Review: Beaded Lace Knitting

I’ve been send a new book, Beaded Lace Knitting by Anniken Allis to review. (The book is also available in Amazon in the US and UK). Anniken is one of the most prolific (she had nearly 400 patterns!) current designers out there, originally from Norway she now lives in the UK. While Anniken has a wide ranging design style she is best know for her lace knitting especially her shawls. So it does seem fitting that her first book is on lace knitting.

Digging into the book the first part that struck me was the clear and very extensive technique section. Its all illustrated with photos and it contains several cast-ons and bind offs including Provisional Cast-On, Invisible Cast-On, multiple circular cast-ons, Russian Bind-Off and sewn Bind-Off. Basically if you want to improve your lace knitting skills there should be enough in the book to give you a good boost.

In addition to this each of the projects has a skill rating, with the skill level moving from 1 to 3 through the book. These move from basic lace and beads through to more complex all-over lace with extensive beading. Remember as well though that beads are always optional so most of the knitting in the book can probably be done with or without beads.

Now a quick look at the projects. There are 25 projects in total, ranging from lace shawl and lace garments through to lace accessories. Projects in the book have both charted and written instructions so it’s accessible to a wider audience.

I’ve run through the book picking my favourites from each of the levels, although when I did this I realised that often my choices are determined by colour as much as pattern!

From level 1 I love Alexia. A shallow triangular shawl it’s designed to be easily modified for different yarn amounts. It’s worked in 2 halves so all you need to do is weigh  your yarn before you start and then work half to the widest point and the other half to the end.

Alexia

From Level 2, Helena I think is just beautiful. Worked from the centre out, I love the swirling central lace motif. The edge is finished with a knitted on beaded edging. It would take a while but I think it’s pretty enough to justify the hours worked on it :-)

Finally for level 3; Josephine. This pattern is a delicate crescent shaped shawl worked from the bottom up. It’s got lace worked on both the right and wrong side row along the bottom as well as beading. The body of the shawl uses decreases and short rows to create the crescent shape.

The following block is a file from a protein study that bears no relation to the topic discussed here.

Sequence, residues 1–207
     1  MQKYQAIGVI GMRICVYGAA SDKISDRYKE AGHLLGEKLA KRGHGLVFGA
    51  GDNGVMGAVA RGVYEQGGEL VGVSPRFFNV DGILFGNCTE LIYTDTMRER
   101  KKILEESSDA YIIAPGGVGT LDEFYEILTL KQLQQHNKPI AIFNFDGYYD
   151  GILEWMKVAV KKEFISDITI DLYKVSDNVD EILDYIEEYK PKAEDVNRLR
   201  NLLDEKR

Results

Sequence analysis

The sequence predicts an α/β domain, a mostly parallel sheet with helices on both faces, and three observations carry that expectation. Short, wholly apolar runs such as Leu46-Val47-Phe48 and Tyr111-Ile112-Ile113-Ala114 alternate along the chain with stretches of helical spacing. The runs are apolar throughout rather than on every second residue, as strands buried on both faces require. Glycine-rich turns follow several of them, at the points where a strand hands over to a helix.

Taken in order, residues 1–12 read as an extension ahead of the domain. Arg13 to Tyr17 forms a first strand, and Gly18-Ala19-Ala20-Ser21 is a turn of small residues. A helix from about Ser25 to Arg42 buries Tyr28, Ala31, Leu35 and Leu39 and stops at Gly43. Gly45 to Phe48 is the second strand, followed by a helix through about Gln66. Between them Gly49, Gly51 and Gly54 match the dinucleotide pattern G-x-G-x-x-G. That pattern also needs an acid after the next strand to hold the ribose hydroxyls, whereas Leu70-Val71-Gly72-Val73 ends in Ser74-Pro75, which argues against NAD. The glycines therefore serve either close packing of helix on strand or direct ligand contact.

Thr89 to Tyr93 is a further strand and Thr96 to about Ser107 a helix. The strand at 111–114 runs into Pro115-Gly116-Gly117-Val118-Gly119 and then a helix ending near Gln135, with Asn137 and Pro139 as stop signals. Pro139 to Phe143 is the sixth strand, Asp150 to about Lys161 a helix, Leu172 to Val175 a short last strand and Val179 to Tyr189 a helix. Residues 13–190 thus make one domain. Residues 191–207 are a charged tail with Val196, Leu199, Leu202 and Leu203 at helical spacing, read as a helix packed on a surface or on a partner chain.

Josephine

Now for the giveaway! Post your favourite project in the comments below and I’ll pick a winner next Sunday (28th June) to send a copy of the book to. I’m afraid that the publisher will only send to the US though, so only US postal address :-(

37 thoughts on “Review: Beaded Lace Knitting

  1. So many beautiful projects to choose from! My favorite, though, is Helena – simply gorgeous!

  2. Aah, you had me at “beaded!” Looks like a delicious book. If I needed a gift, the first thing I’d knit would be “Eden,” but the first item I’d knit for me would be “Janey.” So many beautiful things.

  3. What gorgeous patterns…easily able to put 23 in my “to do” pile. I think the one that I would start with is Leah….

  4. Hard to pick a favorite – Josephine and Janey top my list today.

    Thanks for the opportunity!

  5. Alexia is my favorite! Love the idea of knitting half-way through the yarn and then finishing up with what is left…..:-)

  6. Drape-front vests are my absolute favorite accessory, so Chantelle is definitely my pick.

  7. I love the variety of lace projects in the book. The various levels of difficulty is definitely a plus.

    I love the large circular shawl, cowls and the buttoned shawl. This book will regenerate my love of lace knitting.

  8. I love Adelaide, tho the lovely purple the sample was knit in may by unduly influencing my choice.

  9. I can narrow my favorites down to Josephine and Lucinda. Thanks for sharing another beautiful knitting book.

  10. Oooooh… hard to pick a favorite, but I’ m leaning towards Macy. Eden and Josaphine are very close… Thanks for introducing me to this book and to Anniken!

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